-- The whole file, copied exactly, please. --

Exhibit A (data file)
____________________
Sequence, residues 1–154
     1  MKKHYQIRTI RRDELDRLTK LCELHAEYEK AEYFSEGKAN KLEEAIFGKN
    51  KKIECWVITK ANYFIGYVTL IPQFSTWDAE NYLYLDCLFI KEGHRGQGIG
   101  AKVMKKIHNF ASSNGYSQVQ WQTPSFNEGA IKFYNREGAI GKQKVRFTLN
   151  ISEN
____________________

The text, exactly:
Sequence, residues 1–154
     1  MKKHYQIRTI RRDELDRLTK LCELHAEYEK AEYFSEGKAN KLEEAIFGKN
    51  KKIECWVITK ANYFIGYVTL IPQFSTWDAE NYLYLDCLFI KEGHRGQGIG
   101  AKVMKKIHNF ASSNGYSQVQ WQTPSFNEGA IKFYNREGAI GKQKVRFTLN
   151  ISEN